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Why can't I cook a proper hamburger on my grill?

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The number of my failed or only moderately edible hamburger attempts is now in the double digits. Recently -- apparently through dumb luck -- I managed to nail it. Today, however, my hamburgers were once again undercooked. I've read countless web sites, magazine articles, and cook book articles about how to grill the proper hamburger, and am probably overthinking it. But still... isn't this like the most basic American dish?

At this point, I'm using 90/10 ground beef to make sure there is enough fat. (I would prefer to use the maximum lean stuff, but want to master a basic burger first.) I purchase the freshly ground patties from the store. Each patty is approximately .4 pounds.

Preheated gas grill on high. Uncovered. Approximately five or six minutes on the first side until the sweat appears. Then I flip and cook the other side for a few minutes on the grill before moving the burgers to the bun rack near the top of the grill. I cook them until they reach 160 on two cooking thermometers, and then remove them from the grill for at least five minutes.

Usually, when I pull them off the grill, the cooking thermometers are shooting past 170, which makes me paranoid that I've overcooked them. I use two different thermometers just to make sure the reading is accurate, and STILL they're not coming out the right way.

Tonight, I was sure that I had overcooked the patties. They were on a high heat grill for much longer than most recommended recipes, and the thermometer suggested that they were *well* over 165. But, sure enough, when we bit into the hamburgers they were still pink inside.

I guess I should have just designated one patty as a testing patty to make sure the pinkness was gone, but this is driving me crazy. I'm great with steak, I can bake a mean loaf of ciabatta, and my omelettes are almost always right on the money. But I can't, for the life of me, master the simple hamburger.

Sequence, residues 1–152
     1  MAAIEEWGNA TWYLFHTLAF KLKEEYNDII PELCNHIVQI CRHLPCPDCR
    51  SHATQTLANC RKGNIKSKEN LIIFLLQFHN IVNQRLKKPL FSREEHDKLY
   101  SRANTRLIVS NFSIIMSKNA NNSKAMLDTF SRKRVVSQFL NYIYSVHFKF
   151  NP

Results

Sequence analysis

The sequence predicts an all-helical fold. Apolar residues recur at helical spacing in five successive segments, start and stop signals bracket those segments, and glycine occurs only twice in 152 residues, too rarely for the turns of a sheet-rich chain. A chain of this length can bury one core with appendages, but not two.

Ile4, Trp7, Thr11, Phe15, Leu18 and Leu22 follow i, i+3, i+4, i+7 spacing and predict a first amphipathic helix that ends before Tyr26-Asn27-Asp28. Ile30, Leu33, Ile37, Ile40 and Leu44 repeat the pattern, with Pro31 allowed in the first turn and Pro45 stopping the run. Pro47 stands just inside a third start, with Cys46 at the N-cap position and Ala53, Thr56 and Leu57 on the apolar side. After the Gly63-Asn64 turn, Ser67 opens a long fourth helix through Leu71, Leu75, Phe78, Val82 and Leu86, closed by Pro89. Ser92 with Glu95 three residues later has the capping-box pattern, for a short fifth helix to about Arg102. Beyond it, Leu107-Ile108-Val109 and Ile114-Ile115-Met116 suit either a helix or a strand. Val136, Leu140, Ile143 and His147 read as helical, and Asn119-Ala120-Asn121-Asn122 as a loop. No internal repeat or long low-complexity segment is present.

What am I doing wrong?

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  1. Oh boy. Be prepared for lots of conflicting advice on this. Everything that someone tells you around here, someone else says is rubbish. It's all about individual taste.

    That being said, here goes.

    90/10 is way too lean, especially if you are going for a well-done burger. 80/20 is the leanest I would go. Your taste is the ultimate referee, of course, but 90/10 well-done will be like a hockey puck.

    Most grill makers tell you to preheat your grill for 10-15 minutes with the lid closed. Otherwise you are preheating the sky. But your paragraph where you describe your exact method generally sounds like it's spot on.

    Unless your patty is quite thick you can't really use a thermometer. You need to insert in the side. A thin patty won't really let you do this. If you insert into the top you may be overshooting. You don't specify exactly how you do this.